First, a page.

Macbeth Characters

In the play Macbeth the characters are using certain prophesies to try and helpthemselves in gaining confidence and self-assurance in achieving their ultimategoals. This is especially true in the character of Macbeth. He believes thatthroughout this story he is able to control his destiny and also change thingshe can not.

He thinks that the actions he takes and the decisions that he makeswill allow him to control the future and further himself. In the beginning ofthis play, Macbeth is encountered by three witches, which give him the news ofhim becoming the king. He does not allow this to get to him initially but whentheir prophesy of him becoming the Thane of Cawdor comes true, he takes theirother words a lot more seriously.

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He then puts into action the killing of KingDuncan. By this move, he is able to take the throne. This finalizes the witchesinitial prediction of Macbeth becoming the king.

His rule of Scotland is verytumultuous and questions arise of his ability of being able to rule properly andhis previous actions. He then murders his friend Banquo and then again consultsthe witches. They provide him with three more prophesies. One to beware ofMacduff, one that he cannot be killed by any man born of woman, and the finalsaying he cant be killed until Birnam Wood moves. Delighted by this news,Macbeth is filled with more false hopes and confidence.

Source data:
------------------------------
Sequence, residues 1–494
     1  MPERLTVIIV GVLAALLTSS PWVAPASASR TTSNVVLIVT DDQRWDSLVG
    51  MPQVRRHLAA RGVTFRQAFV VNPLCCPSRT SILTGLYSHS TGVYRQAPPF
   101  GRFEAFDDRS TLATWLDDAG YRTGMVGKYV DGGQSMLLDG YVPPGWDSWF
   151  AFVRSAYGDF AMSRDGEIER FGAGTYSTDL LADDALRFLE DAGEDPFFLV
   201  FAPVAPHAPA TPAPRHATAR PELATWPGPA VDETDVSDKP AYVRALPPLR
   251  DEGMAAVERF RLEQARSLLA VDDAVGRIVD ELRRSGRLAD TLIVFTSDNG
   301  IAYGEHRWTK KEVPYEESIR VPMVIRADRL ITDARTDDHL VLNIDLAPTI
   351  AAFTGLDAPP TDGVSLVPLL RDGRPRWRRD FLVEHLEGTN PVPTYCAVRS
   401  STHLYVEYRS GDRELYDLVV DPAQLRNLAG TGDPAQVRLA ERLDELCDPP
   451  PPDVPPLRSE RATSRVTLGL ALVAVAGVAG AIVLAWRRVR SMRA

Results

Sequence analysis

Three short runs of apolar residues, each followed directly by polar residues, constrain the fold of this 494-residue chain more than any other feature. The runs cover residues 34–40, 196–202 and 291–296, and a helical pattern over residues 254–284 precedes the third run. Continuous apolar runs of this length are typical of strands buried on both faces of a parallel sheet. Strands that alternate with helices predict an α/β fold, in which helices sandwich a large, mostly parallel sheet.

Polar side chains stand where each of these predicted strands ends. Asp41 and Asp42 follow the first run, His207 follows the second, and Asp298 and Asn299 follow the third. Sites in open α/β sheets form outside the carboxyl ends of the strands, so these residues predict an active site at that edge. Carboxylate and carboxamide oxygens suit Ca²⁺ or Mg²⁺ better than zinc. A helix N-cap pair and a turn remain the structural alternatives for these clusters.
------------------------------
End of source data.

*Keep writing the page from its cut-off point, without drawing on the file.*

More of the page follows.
But inevitably hisbelief and trust in his ability to know the future and be filled with suchconfidence catches up to him. He is overwhelmed by all the true prophesies givenby the witches and his eventual overthrow by Macduff. The story of Macbeth isbasically a story of one mans attempts to control the future. Macbeth usesall his abilities and all his resources to try and accomplish this, but in theend it fails him. He bases all of his actions on his knowledge of the future andhis attempts to change it.

The whole story is based around the idea of hisknowledge of what is to happen, and his attempts to change that towards his ownbenefit. It provides him with the false hopes that were an eventual contributorto his downfall.Shakespeare